Report: Asia Pacific airlines saw rising passenger travel, less cargo in 2012

Asia Pacific airlines saw growth in passenger travel, but shrinkage in cargo shipments in 2012.

Asia Pacific airlines saw some good news and some bad news in its 2012 earnings report, according to an article on Air Cargo World.

The good news was that net profits grew by 6.7 percent to a total of $5.2 billion that year, after aggregate operating revenue grew by 7.6 percent to $175 billion. This was bolstered by an increase in passenger revenues, which grew by 8.5 percent.

The bad news was that revenues were dragged down by poor cargo shipping performance. Cargo revenue dropped by 3.3 percent to $21.2 billion during the year.

Andrew Herdman, Asia Pacific director general, blamed high fuel prices and weak demand in the global air cargo market due to a slow economy. In fact, according to the news source, the airline spent an additional 12.2 percent on fuel, causing its overall operational expenses to rise by 7 percent to $166.5 billion. Fuel now makes up about one-third of the airline's overall budget—non-fuel expenses, meanwhile, only increased by 4.3 percent.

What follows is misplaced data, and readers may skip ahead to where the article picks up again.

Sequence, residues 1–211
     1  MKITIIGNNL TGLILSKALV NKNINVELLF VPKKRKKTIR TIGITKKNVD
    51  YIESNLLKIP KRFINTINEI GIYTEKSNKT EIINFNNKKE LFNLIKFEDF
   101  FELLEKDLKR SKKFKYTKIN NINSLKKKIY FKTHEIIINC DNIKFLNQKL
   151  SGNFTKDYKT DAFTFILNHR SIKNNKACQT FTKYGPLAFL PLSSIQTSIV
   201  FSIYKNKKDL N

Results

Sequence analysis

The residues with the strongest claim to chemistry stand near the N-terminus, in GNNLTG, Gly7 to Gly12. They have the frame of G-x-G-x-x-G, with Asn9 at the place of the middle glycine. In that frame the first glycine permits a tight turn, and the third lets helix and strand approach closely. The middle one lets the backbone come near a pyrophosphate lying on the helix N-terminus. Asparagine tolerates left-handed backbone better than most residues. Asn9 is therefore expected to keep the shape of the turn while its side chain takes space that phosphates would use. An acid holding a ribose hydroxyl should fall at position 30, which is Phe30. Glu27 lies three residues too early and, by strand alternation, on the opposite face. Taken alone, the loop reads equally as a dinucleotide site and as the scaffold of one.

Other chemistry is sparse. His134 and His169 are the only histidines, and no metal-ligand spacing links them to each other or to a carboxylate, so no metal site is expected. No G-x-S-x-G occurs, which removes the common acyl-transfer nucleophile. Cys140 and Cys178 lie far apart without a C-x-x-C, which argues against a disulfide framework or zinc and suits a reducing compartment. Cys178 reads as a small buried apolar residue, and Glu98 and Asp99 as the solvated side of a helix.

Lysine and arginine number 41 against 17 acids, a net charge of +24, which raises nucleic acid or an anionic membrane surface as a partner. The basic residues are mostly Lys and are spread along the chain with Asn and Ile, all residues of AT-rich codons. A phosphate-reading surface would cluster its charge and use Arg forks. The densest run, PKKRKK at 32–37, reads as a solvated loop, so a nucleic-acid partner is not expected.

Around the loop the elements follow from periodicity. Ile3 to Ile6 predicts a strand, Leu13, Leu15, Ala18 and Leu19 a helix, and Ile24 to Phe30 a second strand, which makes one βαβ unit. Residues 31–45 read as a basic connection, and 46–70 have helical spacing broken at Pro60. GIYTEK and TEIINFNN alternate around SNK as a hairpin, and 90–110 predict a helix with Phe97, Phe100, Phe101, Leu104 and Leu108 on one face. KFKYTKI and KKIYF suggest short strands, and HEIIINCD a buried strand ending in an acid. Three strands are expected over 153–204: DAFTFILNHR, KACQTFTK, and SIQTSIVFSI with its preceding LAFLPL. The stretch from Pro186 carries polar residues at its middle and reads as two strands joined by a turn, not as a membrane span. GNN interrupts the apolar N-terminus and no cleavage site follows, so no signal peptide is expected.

Still, Herdman remained optimistic about the airline's future outlook. "Prudent capacity management maintained relatively high load factors, helping to offset the impact of persistently high fuel prices and an extended period of weak demand in the global air cargo market," he said, adding that further boosts in passenger travel is expected as growth in the Asian markets continues.

While this is indeed positive news, the airline should ensure that its cargo service does not drag down the bottom line. To do this, it should streamline its supply chain by investing in proof of condition services like CargoSnapshot. This will result in a more reliable cargo service that will make shipping customers more comfortable—and more willing to send freight by air. 

Posted in Cargo

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